So, after doing this on the test machine, I repeat the suspend (with pm-suspend) and resume. This time it doesn’t resume cleanly.
Blast.
Is this because I’ve changed that gnome setting? Surely not. I’m assuming that sleep and resume on 745/i810/5.3 is just unreliable, it sometimes works and sometimes doesn’t. Maybe I’ll go back later and undo things and try again but for now I’ll have to limit sleep support to the machines using the intel driver.

Later. I switched the same machine back to the intel driver and then left it. When I went back to it an hour or two later it had gone to sleep, but had hung. So it hangs when using previously reliable resume commands with both the i810 and intel drivers. I’d say there’s something wrong with that machine. Right enough when I revived it earlier today it had had filesystem damage; I repaired that with fsck but perhaps that wasn’t enough. I’ve now initiated a complete reinstall, with fresh filesystems, to see if that changes it back to the expected behaviour.

In the meantime I tried a different tack: to find out why we can’t move to the intel driver and try to shift that barrier. My memory was that we had stuck with the i810 driver because that was the only one which worked with our old and creaky version of Webots which is needed for teaching. Stephen confirms this memory. I talked to Graham, Mr. Webots, and it turns out that he now has authorisation to move us up to webots version 6 which doesn’t exhibit any of the bad behaviour of the elderly version we have. Hooray! He’s optimistic that webots v6 will work with the intel driver on 5.3 745s and 755s, but he’ll test it to check. In the meantime, he points out, we can change the 5.3 machines to the intel driver anyway as no 5.3 machines are yet used for teaching, and Stephen adds that webots isn’t going to be needed anyway until at least September. Excellent! So I’ve altered the dell_optiplex_gx745.h and dell_optiplex_755.h headers to exclude develop machines from the inclusion of lcfg/options/video_i810.h. This seems to have the desired effect on a test 5.3 745: /etc/X11/xorg.conf is rebuilt with no mention of “i810″ and one mention of “intel” drivers. Thus my lcfg-sleep test pool has gone up from 3-4 machines to 30-40 at least. Excellent. Perhaps it’s about time I figured out how to monitor their sleep patterns then. For now I’ve changed the sleep.ng_logrotate resource in dice/options/sleep.h to have them mailed to me until I figure out something more satisfactory. 30-40 machines mailing me two log files once a week, shouldn’t be too bad.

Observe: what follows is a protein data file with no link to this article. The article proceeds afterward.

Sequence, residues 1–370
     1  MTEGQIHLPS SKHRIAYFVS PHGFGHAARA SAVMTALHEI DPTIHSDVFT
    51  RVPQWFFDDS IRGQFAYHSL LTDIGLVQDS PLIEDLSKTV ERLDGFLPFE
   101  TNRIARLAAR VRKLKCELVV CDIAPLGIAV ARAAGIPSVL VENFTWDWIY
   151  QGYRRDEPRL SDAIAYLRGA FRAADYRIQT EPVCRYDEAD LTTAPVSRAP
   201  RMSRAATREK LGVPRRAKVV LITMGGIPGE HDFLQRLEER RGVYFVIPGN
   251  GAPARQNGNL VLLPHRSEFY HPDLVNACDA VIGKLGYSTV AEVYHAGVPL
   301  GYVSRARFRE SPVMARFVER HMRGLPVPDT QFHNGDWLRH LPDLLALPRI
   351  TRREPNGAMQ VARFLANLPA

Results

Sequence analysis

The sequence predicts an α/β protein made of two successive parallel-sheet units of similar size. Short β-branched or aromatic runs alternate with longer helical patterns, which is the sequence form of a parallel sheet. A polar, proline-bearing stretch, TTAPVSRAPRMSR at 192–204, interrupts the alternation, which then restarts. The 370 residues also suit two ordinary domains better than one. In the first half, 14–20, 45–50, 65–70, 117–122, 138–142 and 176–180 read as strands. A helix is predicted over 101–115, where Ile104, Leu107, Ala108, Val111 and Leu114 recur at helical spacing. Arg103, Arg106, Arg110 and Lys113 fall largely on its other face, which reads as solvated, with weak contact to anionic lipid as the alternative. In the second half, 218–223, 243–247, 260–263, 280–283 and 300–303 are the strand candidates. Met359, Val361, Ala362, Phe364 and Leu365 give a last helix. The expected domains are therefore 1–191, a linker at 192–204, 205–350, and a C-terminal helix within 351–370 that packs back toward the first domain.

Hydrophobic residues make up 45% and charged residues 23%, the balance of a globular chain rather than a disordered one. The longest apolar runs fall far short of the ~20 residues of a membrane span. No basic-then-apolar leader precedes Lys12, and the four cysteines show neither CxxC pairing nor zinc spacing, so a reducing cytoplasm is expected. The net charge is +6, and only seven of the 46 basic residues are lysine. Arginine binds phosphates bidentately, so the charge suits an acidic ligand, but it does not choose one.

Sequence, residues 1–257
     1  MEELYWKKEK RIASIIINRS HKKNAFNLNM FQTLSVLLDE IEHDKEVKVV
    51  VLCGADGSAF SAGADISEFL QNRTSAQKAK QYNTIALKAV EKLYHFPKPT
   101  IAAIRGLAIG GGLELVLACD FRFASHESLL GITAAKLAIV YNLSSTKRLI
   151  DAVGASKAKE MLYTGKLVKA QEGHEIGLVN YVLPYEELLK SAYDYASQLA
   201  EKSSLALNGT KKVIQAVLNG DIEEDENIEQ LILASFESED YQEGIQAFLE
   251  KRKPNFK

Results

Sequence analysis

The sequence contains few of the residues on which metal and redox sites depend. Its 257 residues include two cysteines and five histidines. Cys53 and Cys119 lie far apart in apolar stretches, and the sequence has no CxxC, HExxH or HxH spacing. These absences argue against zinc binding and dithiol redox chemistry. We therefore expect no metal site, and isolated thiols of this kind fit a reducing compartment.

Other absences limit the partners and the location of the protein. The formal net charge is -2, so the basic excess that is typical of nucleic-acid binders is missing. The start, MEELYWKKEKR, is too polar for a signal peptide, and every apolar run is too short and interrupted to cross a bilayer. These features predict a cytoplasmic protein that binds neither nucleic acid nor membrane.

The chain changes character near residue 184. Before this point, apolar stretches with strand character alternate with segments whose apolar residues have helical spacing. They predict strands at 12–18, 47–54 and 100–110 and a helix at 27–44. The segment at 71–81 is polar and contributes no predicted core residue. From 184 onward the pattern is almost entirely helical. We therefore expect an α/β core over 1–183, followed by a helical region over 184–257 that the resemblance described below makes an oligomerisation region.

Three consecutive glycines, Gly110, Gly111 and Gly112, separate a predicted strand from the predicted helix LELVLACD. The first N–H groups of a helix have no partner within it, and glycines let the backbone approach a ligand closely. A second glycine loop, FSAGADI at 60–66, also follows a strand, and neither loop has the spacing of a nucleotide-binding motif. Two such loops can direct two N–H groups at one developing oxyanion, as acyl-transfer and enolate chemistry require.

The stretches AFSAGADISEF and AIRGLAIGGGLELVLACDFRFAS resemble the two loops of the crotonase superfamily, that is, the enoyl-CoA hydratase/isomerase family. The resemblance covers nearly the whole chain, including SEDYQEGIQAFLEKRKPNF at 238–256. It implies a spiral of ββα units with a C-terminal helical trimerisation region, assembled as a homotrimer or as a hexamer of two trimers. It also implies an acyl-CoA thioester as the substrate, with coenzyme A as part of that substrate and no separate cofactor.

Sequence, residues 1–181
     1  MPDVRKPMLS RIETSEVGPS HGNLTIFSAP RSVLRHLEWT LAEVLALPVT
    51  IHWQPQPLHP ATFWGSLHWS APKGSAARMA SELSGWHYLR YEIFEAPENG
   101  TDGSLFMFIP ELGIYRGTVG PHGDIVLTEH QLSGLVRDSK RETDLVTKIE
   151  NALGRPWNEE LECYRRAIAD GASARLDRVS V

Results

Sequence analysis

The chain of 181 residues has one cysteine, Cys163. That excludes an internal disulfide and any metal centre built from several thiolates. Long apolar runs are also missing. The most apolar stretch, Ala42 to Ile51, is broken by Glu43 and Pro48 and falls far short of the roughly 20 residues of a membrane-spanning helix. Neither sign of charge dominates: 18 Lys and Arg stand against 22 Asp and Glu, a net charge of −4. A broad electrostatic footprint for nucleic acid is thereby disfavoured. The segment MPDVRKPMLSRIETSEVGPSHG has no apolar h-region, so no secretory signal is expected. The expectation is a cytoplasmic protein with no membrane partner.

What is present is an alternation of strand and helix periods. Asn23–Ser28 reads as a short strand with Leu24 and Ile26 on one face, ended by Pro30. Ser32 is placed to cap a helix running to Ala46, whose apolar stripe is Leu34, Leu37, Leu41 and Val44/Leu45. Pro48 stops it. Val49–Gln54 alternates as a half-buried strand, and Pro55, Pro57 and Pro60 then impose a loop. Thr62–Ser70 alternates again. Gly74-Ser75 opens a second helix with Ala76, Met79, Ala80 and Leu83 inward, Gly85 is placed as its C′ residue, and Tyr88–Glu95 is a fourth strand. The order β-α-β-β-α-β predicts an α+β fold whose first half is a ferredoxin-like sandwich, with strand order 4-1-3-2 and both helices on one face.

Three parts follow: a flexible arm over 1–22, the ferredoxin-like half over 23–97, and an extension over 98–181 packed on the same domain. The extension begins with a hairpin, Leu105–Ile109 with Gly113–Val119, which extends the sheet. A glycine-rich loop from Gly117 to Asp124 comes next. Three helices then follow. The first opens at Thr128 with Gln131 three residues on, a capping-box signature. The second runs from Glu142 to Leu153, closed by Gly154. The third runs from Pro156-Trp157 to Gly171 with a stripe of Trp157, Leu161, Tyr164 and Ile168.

A quick inspection of the sleep log on a random test machine revealed that the component still hadn’t started, so I’ve gone round all of the test machines and started it. On most it hadn’t started but started successfully at my command. Some were down or unavailable, half a dozen or so were already running it.

Written by Chris Cooke

May 28, 2009 at 1:46 pm

Posted in Uncategorized